While the current market rally around Bitcoin has kept cryptocurrencies in the headlines, there is much more driving the revolution. ITU News recently spoke to Alexander Lange, blockchain investor and former VC at Earlybird about the cryptocurrency industry, venture financing, and some of the pros and cons behind the trend.
“There are basically three things fueling the cryptocurrency industry: a radically new way of venture financing combined with new decentralized business models and new blockchain technologies which enable the former,” says Lange.
Representing units of a network’s ownership or market segment, cryptotokens are differentiated between three categories, according to Lange: usage tokens, cryptocurrencies, and asset-backed tokens. Value is based respectively on either access to certain services, a digital cash-equivalent, or conventional assets such as commodities or company shares – and vary in terms of transaction speed, privacy and encryption methods.
New decentralized business models
“What makes crypto projects special is that many of them are organized throughout new forms of collaboration (so-called ‘decentralized organizations’) where teams are located around the globe and contribute to the project as much as they intend to,” says Lange.
Such projects tend to utilize initial coin offerings (ICOs) to raise funds. In contrast to conventional fundraising methods such as venture capital road shows and issued shares, participation in issuing is exempt from costly and complicated paperwork – an attractive incentive for early adopters, employees and the communities around cryptocurrency projects.
On a macroeconomic level, monetizing these open-source projects incentivizes innovation and changes the investment landscape. Given the peer-to-peer and global nature of funding through these mechanisms, the asset class of venture capital is opened up in a way that can’t be compared to conventional crowdfunding methods, Lange explains. The immediate liquidity of cryptotokens on secondary markets also presents a significant advantage in comparison to equity, which can have a lock-up period of more than five years.
Downsides and challenges
Although the cryptocurrency industry is speeding headlong, it has not been without controversy, as the unexpected arrival of these disruptive technologies has had its downsides. The still-immature technical infrastructure for the trading and storing of assets, lack of regulatory protection [PDF] and spotty due diligence standards remain significant challenges for investors – and fraud, market manipulations, and hacks of centralized exchanges are real risks.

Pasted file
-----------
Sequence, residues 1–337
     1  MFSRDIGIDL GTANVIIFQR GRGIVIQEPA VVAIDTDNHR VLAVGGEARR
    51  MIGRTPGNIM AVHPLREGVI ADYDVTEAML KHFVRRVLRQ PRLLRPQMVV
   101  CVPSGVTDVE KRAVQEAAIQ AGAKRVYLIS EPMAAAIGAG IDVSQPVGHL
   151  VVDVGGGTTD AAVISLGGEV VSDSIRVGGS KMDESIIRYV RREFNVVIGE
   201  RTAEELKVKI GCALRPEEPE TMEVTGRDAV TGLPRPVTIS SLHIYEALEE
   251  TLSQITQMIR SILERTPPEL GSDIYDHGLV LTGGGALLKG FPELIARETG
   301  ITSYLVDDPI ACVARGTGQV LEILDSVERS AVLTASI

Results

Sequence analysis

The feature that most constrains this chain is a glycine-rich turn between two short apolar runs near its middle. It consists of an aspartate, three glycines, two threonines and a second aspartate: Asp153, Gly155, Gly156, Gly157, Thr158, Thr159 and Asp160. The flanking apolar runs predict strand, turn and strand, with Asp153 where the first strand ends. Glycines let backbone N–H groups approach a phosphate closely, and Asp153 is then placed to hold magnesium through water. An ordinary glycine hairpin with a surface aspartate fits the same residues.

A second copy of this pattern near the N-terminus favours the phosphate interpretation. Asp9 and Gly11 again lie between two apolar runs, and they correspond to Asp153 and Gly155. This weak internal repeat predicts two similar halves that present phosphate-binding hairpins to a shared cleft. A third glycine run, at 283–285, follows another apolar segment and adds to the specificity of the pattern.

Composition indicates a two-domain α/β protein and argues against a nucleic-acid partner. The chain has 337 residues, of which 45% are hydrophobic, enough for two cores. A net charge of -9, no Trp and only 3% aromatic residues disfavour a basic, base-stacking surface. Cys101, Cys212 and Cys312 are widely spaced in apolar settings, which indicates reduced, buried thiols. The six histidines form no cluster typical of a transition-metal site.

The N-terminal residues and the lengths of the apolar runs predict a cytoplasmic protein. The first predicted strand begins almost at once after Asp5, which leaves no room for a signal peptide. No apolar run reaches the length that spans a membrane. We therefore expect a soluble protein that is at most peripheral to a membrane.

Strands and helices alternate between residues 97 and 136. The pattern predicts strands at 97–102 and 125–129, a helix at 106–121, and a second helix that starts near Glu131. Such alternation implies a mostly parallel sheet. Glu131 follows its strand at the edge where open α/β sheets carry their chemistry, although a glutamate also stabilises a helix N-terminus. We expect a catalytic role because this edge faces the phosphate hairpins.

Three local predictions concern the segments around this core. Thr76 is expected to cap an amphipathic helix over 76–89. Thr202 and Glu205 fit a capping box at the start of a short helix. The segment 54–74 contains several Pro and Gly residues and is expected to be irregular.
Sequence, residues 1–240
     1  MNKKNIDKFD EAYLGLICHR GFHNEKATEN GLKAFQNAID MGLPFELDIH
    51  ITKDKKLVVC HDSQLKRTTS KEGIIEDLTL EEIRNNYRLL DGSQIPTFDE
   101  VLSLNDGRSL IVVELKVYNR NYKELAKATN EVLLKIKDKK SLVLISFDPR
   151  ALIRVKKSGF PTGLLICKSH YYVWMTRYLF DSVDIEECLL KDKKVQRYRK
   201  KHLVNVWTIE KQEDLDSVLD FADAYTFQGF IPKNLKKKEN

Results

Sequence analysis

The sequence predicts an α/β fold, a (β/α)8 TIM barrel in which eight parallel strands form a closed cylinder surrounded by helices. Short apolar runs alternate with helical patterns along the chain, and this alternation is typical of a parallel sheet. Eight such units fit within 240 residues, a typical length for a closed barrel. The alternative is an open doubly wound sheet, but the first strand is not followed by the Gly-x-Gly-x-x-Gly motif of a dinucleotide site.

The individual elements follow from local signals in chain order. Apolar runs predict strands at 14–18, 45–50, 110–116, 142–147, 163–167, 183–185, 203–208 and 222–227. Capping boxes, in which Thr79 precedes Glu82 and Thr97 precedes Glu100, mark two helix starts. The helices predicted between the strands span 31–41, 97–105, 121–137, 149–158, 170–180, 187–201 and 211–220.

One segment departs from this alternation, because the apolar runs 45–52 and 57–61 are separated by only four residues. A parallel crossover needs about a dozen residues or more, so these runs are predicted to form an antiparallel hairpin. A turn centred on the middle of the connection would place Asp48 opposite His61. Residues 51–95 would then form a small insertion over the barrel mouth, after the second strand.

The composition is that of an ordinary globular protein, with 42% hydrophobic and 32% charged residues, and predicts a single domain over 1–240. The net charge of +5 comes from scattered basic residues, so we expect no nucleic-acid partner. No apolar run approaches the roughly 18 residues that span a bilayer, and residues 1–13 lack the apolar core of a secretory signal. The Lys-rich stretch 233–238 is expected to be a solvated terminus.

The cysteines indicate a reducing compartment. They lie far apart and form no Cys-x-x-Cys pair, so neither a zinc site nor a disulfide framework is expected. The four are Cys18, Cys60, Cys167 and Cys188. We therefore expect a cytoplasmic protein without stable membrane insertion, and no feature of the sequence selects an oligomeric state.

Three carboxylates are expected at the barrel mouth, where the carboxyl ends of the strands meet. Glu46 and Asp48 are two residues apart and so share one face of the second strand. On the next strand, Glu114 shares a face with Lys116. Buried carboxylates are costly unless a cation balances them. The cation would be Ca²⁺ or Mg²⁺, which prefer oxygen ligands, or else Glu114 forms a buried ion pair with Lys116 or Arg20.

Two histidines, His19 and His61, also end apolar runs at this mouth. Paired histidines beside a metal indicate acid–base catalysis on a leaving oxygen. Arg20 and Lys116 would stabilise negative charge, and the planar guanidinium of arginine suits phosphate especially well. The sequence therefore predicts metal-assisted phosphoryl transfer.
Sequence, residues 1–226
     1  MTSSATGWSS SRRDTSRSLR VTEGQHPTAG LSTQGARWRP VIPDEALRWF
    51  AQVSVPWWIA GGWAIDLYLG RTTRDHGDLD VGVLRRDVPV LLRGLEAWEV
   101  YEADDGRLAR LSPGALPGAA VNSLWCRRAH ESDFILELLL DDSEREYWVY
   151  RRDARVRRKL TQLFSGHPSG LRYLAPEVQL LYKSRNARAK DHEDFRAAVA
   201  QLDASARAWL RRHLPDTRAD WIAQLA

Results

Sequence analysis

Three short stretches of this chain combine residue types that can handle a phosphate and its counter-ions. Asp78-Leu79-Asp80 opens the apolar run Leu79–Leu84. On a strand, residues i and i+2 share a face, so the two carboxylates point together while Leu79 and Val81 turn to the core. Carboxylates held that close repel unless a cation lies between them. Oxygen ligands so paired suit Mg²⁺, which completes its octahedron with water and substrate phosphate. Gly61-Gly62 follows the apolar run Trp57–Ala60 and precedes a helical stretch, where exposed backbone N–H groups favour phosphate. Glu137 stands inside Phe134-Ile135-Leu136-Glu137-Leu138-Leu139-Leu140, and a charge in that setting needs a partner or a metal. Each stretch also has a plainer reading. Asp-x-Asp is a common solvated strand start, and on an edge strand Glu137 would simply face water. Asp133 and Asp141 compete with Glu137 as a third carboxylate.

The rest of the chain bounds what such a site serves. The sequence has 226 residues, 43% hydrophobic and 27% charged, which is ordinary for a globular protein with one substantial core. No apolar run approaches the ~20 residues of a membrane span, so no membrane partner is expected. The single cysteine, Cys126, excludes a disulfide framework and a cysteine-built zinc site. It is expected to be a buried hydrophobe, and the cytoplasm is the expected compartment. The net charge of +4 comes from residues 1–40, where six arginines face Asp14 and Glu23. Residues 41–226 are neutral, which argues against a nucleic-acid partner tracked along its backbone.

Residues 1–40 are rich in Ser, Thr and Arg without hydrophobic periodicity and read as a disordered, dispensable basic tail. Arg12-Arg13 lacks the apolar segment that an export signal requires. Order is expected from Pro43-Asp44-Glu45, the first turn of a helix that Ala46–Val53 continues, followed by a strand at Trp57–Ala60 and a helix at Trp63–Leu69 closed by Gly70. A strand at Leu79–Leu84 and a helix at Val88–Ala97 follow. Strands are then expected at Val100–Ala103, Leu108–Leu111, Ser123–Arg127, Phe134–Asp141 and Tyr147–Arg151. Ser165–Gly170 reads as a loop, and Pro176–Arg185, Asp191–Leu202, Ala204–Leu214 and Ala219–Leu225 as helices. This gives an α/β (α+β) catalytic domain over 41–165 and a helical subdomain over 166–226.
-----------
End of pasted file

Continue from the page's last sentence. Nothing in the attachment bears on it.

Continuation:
However, ever-improving technologies are poised to address challenges in scalability and interoperability of blockchains in the coming years, and “smart contracts” are particularly promising in addressing a variety of concerns, says Lange. Allowing for the execution of investor protection in the form of voting mechanisms, drawback clauses, and multi-signature escrow systems, “smart contracts” also provide a means of complying to laws such as the European General Data Protection Regulation through the utilization of blockchain technology to protect one’s data in the “data economy”.
One of the main tenets [PDF] behind Bitcoin, the first and most commonly traded cryptocurrency to date, is the reliance on cryptographic proof for transparent peer-to-peer transactions instead of trust in a centralized financial institution as a third party.
As such, Lange argues that the broader socioeconomic implications of a decentralized financial system are pointing towards a contradiction to centralized financial institutions like central banks and governmental powers in the long run – and insists that interdisciplinary discourse needs to take place now, to prepare our societies for the future.